aSee References: Butler 1972.
bSee References: McGovern 1997.
cSee References: Dennis 1997.
dSee References: Butler 1991.

Clinical Features of Primary Septicemic Plague



Incubation period

1-4 days

Presenting featuresa,b

—10%-25% of US plague cases present with primary septicemic plagueb
—Presenting symptoms for 18 cases of primary septicemic plague in New Mexicoa:
    ~Fever (100%)
    ~Chills (61%)
    ~Malaise (44%)
    ~Headache (44%)
    ~Nausea (44%)
    ~Vomiting (50%)
    ~Diarrhea (39%)
    ~Abdominal pain (39%)
    ~Any gastrointestinal symptom (72%)
—Presenting signs for 18 cases of primary septicemic plague in New Mexicoa:
    ~Mean temperature: 38.5°C (range, 35.4°C-40.4°C)
    ~Mean pulse: 109 (range, 72-160)
    ~Mean respiratory rate: 31 (range, 16-60)
    ~Mean systolic BP: 104 (range, 80-130)
    ~Mean diastolic BP: 66 (range, 36-80)
—Mental status changes commonly occur (delirium, obtundation, coma)

Laboratory features

—Laboratory features consistent with severe bacterial infection and sepsis syndrome (as often seen with bubonic plague and secondary septicemia)
—Leukocytosis, leukopenia, or normal WBC count may be seen
—If plague pneumonia present, CXR shows patchy alveolar infiltrates (usually bilateral), often with consolidation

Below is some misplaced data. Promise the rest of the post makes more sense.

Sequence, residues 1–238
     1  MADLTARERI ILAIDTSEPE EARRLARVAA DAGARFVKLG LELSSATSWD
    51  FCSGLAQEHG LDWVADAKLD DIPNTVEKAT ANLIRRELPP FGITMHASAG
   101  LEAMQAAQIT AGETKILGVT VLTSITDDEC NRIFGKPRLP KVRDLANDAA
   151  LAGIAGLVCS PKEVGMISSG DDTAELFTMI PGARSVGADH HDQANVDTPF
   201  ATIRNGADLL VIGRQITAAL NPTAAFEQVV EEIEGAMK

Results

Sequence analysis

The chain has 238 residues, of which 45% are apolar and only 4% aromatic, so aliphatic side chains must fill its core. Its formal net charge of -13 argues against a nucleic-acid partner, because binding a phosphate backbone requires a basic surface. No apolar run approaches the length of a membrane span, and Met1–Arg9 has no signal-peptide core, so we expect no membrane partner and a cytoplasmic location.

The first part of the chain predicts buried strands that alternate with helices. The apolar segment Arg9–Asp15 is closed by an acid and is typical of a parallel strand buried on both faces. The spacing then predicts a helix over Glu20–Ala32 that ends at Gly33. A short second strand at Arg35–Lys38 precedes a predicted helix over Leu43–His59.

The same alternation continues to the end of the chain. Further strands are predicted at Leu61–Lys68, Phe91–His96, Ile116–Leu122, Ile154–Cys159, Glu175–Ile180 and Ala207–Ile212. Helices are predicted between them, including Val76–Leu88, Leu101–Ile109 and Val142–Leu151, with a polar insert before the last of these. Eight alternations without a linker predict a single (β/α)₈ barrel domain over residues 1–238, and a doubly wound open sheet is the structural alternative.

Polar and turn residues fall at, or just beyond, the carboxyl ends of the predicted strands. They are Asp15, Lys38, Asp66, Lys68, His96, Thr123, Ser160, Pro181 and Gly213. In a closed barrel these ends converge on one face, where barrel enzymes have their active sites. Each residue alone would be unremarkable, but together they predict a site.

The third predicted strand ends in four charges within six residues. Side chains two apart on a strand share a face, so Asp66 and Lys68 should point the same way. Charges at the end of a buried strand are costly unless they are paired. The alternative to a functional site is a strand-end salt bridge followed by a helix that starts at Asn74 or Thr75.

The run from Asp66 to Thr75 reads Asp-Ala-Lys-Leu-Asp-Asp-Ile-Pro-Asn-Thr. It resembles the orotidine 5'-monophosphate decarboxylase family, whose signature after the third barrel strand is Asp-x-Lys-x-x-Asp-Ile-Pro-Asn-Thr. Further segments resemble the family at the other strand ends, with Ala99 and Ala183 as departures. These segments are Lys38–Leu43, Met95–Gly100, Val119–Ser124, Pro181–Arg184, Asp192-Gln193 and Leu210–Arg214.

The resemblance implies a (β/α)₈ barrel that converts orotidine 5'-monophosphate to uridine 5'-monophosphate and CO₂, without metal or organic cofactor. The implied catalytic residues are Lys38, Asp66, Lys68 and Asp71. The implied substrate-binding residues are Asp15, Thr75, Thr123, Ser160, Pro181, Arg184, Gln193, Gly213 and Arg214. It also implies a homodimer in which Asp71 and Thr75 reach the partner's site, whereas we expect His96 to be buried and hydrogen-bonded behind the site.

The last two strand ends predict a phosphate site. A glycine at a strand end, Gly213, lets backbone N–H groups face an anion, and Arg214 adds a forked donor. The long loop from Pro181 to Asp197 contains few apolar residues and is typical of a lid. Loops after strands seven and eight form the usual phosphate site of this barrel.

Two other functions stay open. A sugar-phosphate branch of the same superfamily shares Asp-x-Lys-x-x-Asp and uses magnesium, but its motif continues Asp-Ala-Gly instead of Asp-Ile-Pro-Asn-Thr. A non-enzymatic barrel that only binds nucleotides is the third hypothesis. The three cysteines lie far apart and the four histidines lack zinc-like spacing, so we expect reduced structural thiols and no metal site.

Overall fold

—Findings noted for 18 patients with septicemic plaguea:
    ~Mean WBC count: 18,950/mm3 (range, 3,000/mm3-68,700/mm3);
    all had marked left shifts
    ~Bacteria seen on peripheral blood smear (17.6%)


—Illness rapidly progresses to sepsis syndrome, often with DIC, shock, and multisystem involvement
—Skin lesions reflect DIC (may be similar to meningococcemia)c:
    ~Gangrene of acral regions (caused by small artery thromboses)
    ~Ecthyma gangrenosum (rare)
—Secondary plague pneumonia (about 25% of patients)a

Case-fatality rated

—Overall 30%-50%b
—High CFR related to delay in appropriate diagnosis and antibiotic therapy
—Without antibiotic therapy, CFR approaches 100%

Abbreviations: BP, blood pressure; WBC, white blood cell; CXR, chest x-ray; DIC, disseminated intravascular coagulation; CFR, case-fatality rate.